Scam Warning

Not really a scam actually, but it really is a warning!

If you get an e-mail from “david@ellesmere engineering”,with an attachment that starts “Visa Card … …” Do NOT open the attachment, or read the mail.

The message tells you that it has been scanned by Avast and is virus free. This is like the rest of the message - a fake!
Note down the name of the attachment.
Delete the e-mail.
Now (if your PC stores attachments separately) find and delete the attachment.

Opening the attachment will run a macro that downloads a really nasty bit of software that will start looking for your bank details and then send them to the Ukraine.


Trouble is, the “from” field is probably spoofed, doesn’t really come from david@ellesmere etc. (which may be a legitimate - and innocent - business), and could have any email address inserted there instead.

So the only safe course is never to open or download anything from an address you don’t recognise, that would have no reason to be writing to you.

Even the addresses of people you DO know are very easy to fake - if the email address book of anyone in your circle has been compromised, you could start getting malicious emails that look as if they’re from people you know!

The apparent sender may NOT be the owner of the infected computer - it could be another computer that happens to have addresses of you both!

Be particularly suspicious of emails from friends or relatives that seem oddly devoid of context, e.g. just saying something like: “Look at this!” - no niceties like hellos or how-are-yous, or anything that would personalise it to you.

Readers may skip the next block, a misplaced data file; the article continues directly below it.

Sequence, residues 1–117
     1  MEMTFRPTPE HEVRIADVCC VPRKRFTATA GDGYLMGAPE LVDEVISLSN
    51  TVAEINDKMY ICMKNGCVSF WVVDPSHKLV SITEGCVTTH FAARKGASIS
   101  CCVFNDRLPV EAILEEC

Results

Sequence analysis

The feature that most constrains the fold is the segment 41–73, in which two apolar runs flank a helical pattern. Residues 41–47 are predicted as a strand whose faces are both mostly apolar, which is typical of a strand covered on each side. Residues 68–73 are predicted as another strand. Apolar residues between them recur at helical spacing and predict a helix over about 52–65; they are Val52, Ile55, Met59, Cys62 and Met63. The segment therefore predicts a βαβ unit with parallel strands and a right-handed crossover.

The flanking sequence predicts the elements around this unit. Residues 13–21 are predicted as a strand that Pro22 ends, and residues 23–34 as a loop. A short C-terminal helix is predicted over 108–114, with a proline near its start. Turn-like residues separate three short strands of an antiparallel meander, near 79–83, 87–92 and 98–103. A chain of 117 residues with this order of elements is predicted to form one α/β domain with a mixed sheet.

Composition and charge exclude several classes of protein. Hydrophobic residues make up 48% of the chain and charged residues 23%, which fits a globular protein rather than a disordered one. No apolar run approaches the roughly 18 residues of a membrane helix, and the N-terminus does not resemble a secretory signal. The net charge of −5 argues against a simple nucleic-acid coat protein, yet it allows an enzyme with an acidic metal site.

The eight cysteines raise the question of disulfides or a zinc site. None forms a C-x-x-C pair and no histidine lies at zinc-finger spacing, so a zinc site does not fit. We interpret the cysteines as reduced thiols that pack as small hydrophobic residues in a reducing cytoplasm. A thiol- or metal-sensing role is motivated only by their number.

If it’s a real friend or associate sending something of genuine interest, they’ll spare a line or two to tell you what it is, e.g. “Thought you might like to see pictures of my holiday.”

If you weren’t aware they’d had a holiday recently, that’s suspicious too. Check with them before opening, e.g. “I was surprised to receive holiday photos from you, as I didn’t realise you’d been anywhere! Are they definitely from you?”

They may say: “Oops, forgot to mention we were off - yes, they’re from us.” Or they may ask: “Holiday? What holiday? No, definitely fake!”

You always have to be on your guard, and look out for anything that seems out-of-character, even if the sender seems to be someone you know.

If they wouldn’t normally write: “Hi, check this out!” without further explanation (and suddenly using Americanisms), don’t trust it’s from them. It only takes two minutes to ask them: “Have you just sent me an email, only I wasn’t quite sure it was genuine?”